This One Item You Touch Every Day Puts You Most at Risk of Coronavirus

Cash may be convenient, but it could also be deadly in the time of COVID-19.

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With the threat of coronavirus lurking on our commonly used surfaces, many people have been vigilantly disinfecting everything in sight, but they're likely overlooking the most nefarious coronavirus host of all—paper money. Cold hard cash changes hands sometimes dozens of times in a day and remains in circulation for years without any disinfection. Everyone has cash hiding somewhere, whether in their pockets, purse, or junk drawer, but it's best to leave those dollar bills alone until after the coronavirus pandemic passes.

Money is notoriously filthy and proven to carry bacteria and viruses, which rapidly facilitates the spread of disease. A 2017 study published in PLOS One looked at a dollar from a bank in New York City and found hundreds of diverse species of microorganisms living on the bill. The most common were ones that cause acne and various skin bacteria. However, the study also recorded traces of microbes from the mouth, vaginal bacteria, viruses, and DNA from pets.

As for COVID-19, a study published in The Lancet found that the coronavirus can survive on banknotes for up to four days. Of course, you can't get sick by simply touching the money. You would have to transfer the viable coronavirus particles to your eyes, nose, or mouth in order to become contaminated, but that's easier to do than it sounds. Touching your phone, fixing your mask, adjusting your glasses, or grabbing your keys could lead to cross-contamination, making it possible for the microorganisms from the money to infect you through any of your facial orifices.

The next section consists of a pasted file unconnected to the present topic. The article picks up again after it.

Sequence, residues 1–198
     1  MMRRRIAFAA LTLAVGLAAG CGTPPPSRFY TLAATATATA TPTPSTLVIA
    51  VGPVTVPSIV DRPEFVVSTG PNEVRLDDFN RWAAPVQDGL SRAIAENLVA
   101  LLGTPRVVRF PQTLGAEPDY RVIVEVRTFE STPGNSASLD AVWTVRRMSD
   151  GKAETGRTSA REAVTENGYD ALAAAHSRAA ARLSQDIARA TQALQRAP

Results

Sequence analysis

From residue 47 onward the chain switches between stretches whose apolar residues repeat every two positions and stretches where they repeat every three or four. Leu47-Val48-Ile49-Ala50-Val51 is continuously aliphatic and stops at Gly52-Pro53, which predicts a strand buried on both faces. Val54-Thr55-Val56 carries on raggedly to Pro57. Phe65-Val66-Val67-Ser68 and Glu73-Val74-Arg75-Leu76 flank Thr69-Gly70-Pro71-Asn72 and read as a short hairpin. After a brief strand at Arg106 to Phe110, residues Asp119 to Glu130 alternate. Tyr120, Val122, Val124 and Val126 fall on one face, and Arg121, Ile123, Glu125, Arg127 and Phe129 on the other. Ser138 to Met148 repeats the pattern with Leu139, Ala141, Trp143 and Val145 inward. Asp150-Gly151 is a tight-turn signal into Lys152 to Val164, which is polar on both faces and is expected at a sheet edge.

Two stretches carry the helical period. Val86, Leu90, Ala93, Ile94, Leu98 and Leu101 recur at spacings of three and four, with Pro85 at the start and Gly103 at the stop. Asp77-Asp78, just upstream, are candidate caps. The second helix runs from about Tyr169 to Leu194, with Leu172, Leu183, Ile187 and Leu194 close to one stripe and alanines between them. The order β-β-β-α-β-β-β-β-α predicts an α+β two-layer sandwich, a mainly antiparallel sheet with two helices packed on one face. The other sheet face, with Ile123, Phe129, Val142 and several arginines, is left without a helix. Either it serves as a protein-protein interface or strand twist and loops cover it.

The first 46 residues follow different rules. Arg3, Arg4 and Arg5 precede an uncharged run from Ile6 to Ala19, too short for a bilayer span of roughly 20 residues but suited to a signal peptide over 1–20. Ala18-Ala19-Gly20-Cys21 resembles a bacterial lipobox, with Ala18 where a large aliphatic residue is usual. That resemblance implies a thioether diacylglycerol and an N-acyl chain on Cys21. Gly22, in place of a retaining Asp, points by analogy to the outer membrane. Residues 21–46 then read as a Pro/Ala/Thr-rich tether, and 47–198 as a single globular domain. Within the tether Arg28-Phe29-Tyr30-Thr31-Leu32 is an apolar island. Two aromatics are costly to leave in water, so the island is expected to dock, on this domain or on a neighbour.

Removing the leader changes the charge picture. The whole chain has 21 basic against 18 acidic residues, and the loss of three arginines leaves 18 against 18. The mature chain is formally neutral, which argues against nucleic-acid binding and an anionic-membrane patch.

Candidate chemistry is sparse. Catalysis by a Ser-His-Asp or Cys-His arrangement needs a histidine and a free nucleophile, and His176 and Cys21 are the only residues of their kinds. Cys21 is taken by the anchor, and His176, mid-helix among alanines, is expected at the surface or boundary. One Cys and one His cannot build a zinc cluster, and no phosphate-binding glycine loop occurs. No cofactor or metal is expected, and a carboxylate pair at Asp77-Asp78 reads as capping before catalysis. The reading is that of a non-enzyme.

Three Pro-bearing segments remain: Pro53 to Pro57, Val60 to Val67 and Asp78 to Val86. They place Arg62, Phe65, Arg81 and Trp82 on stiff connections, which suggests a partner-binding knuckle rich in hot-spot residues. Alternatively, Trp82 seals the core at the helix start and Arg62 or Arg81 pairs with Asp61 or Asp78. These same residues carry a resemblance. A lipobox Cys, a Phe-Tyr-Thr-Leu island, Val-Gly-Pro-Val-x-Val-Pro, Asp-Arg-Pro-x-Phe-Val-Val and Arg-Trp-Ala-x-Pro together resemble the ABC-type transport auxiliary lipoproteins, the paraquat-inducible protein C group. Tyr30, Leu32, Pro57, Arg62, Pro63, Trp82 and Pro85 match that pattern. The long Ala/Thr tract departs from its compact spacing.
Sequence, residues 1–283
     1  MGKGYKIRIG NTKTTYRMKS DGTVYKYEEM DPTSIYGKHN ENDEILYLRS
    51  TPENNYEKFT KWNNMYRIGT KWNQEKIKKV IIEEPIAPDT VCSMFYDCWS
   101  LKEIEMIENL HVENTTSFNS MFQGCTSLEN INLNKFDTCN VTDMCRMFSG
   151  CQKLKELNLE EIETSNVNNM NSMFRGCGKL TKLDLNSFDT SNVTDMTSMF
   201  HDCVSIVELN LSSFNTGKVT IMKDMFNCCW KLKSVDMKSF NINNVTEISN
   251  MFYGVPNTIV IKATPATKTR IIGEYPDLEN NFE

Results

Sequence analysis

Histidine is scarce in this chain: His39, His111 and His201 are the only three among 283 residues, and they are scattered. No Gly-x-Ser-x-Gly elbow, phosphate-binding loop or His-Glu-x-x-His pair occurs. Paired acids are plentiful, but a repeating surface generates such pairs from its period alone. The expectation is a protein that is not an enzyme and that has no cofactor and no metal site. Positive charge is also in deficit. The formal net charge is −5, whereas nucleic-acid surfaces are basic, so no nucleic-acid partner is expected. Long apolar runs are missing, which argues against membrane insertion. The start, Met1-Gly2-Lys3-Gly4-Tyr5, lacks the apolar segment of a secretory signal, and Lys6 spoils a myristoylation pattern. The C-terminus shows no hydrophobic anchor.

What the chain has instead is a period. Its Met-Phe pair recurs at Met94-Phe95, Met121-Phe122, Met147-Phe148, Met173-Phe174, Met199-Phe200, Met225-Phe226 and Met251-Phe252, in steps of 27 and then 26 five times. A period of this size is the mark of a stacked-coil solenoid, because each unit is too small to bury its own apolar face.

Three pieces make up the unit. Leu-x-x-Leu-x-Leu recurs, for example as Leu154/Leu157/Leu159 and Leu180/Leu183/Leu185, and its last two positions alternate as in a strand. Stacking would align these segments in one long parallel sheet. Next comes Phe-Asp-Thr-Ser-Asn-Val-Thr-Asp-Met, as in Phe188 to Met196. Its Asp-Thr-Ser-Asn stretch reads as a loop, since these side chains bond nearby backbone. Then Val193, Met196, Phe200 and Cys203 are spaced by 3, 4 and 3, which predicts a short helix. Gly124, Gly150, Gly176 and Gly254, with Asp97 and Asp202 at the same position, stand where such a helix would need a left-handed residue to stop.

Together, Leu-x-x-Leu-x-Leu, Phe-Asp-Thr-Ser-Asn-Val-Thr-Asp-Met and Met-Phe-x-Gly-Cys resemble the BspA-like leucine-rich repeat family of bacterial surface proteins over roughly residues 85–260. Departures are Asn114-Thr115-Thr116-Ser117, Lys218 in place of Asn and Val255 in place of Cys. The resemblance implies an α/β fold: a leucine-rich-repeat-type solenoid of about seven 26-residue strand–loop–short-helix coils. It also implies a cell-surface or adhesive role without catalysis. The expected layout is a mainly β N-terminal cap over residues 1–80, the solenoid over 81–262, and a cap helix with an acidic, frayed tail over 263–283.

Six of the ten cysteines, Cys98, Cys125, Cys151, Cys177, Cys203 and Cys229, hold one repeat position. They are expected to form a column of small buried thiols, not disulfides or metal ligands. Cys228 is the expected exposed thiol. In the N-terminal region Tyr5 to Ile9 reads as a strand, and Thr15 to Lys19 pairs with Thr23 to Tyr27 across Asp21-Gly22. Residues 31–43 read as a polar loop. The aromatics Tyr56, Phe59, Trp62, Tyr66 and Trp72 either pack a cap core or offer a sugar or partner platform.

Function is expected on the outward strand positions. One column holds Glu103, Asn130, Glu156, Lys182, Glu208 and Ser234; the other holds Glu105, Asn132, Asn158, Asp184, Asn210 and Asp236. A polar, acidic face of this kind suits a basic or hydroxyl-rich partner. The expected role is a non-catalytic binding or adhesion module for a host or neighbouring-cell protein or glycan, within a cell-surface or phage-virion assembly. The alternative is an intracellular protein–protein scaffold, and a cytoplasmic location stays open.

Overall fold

Hands touching paper money
Shutterstock

China understood the threat that cash posed in spreading coronavirus early on, so in February, when cases started mounting, Chinese banks began disinfecting their bills using ultraviolet or heat treatments. According to CNBC, money was removed from high-risk sites, including hospitals and markets, to be specially sterilized.

Until we're on the other side of the coronavirus pandemic, it would be sensible for people to avoid using cash to limit hand-to-hand transactions. Opt for a credit or debit card, or better yet, use contactless transactions like Apple Pay when shopping. If you do pay with your credit or debit card, practice extra caution and wipe it down with disinfectant afterward. And for more tips on how to limit your risk, check out The One Vitamin You Need to Take to Reduce Your Coronavirus Risk.

Best Life is constantly monitoring the latest news as it relates to COVID-19 in order to keep you healthy, safe, and informed. Here are the answers to your most burning questions, the ways you can stay safe and healthy, the facts you need to know, the risks you should avoid, the myths you need to ignore,and the symptoms to be aware of. Click here for all of our COVID-19 coverage, and sign up for our newsletter to stay up to date.
Allie Hogan
Allie Hogan is a Brooklyn based writer currently working on her first novel. Read more
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